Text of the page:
The Ultimates vol. 1: Super-human

The Ultimates vol. 1: Super-human TPB Review

2002, Marvel
Story: Mark Millar
Bryan Hitch
Inks: Andrew Currie
Colours: Paul Mounts

From the very first issue, The Ultimates defines its intentions with a suckerpunch; this is the Avengers in our world, driven by our politics and prone to our vices.

The Ultimates vol. 1: Super-human
The Ultimates vol. 1: Super-human

Back to that first issue. The last hurrah of World War II era Captain America, and his subsequent freezing, sets off Super-human with a velocity that it sustains throughout. By regular Marvel standards not a lot happens, but Mark Millar brings his science-minded supergroup together in a way that is intricate and believable. There are no weak links in this chain; for once Bruce Banner is as valuable a member as his green/grey alter ego, and Steve Roger’s blood may hold the key to an entire army of super-soldiers.

Up until The Ultimates I had seen the Ultimate imprint as a bit of a waste of time. Neither Ultimate Spider-man nor Fantastic Four were substantially different from their counterparts to be of interest to all but the casual reader. Strangely, Millar takes the opposite approach here, taking the familiar faces and worn concept and producing something different enough to stand on its own. While the aforementioned titles catered primarily to those with only a passing knowledge of the Marvel Universe or those curious about Marvel’s finest after enjoying the corresponding movies, The Ultimates can be appreciated as both an inventive re-imagining of the team and a satire in the same “widescreen” vein as The Authority, which both Millar and Hitch previously worked on (though separately).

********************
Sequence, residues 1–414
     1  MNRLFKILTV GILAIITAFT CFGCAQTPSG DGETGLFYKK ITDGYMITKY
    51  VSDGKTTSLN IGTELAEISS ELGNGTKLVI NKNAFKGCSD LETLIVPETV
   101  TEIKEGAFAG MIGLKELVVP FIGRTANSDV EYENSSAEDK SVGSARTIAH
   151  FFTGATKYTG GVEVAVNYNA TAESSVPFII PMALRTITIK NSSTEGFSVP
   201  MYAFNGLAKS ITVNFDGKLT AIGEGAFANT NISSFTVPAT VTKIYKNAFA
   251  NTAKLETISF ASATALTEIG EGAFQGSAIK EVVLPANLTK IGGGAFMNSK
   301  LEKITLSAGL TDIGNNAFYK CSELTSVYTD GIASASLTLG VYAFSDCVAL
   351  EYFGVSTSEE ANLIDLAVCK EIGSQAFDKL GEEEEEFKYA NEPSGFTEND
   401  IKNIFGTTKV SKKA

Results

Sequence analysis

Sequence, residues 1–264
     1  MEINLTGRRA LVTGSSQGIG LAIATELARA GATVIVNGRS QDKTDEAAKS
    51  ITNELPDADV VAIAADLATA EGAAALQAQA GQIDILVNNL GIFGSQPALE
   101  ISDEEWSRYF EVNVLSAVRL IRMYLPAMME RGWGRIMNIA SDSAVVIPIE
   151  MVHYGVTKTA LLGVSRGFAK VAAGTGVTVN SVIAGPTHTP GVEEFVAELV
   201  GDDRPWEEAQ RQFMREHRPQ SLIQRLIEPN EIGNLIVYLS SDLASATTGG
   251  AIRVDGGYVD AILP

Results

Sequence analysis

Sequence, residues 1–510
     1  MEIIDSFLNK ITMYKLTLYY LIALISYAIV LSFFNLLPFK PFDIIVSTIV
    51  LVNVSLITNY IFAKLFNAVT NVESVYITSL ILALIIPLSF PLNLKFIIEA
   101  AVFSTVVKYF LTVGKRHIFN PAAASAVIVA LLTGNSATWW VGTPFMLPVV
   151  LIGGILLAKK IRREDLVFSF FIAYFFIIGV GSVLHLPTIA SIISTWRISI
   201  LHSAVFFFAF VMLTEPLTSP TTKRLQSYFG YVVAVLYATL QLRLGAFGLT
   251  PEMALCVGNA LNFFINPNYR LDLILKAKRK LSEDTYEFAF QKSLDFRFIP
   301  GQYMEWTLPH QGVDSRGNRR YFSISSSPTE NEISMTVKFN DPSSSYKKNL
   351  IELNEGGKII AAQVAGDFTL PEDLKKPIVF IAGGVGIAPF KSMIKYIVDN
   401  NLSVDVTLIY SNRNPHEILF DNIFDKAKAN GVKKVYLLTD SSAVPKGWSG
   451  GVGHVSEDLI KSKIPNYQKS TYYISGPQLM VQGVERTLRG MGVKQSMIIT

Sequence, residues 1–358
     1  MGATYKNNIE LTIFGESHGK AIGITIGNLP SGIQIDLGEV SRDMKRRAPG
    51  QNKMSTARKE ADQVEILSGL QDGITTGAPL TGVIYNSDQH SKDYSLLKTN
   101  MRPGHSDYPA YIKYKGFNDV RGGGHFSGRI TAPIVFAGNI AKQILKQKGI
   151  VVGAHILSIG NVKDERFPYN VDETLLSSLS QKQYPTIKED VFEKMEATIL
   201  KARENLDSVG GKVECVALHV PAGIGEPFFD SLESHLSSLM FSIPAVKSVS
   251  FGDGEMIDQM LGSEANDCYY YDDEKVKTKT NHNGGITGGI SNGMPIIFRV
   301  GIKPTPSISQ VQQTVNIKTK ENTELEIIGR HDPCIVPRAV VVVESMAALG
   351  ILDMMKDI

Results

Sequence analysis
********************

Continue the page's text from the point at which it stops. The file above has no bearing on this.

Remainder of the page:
On a more personal note, though I enjoyed and respected what the creative talents concerned have done with The Ultimates, the series does lack a certain warmth, the likes of which had adhered the Fantastic Four and X-Men runs through their lowest points. Millar’s razor-sharp characterisation has ensured that not one “hero” in this incarnation of the team is remotely likeable. Captain America is now a military bully, Hank Pym is a victim to a gargantuan inferiority complex and Tony Stark… well, Stark hasn’t changed enough. On the plus side the Ultimate Jarvis, now a bitter, sardonic queen, is a riot.

Whereas Ultimate Spider-man took the web-slinger back to his roots, and Ultimate X-Men offered a variation on everybody’s favourite mutants minus the blight of time travel and alternate universe convolutions, The Ultimates stands as an exceptional, if not definitive, team origin book that is smart enough to invite readers from beyond the spandex-crowd, or indeed the comic medium. And that’s high praise indeed.




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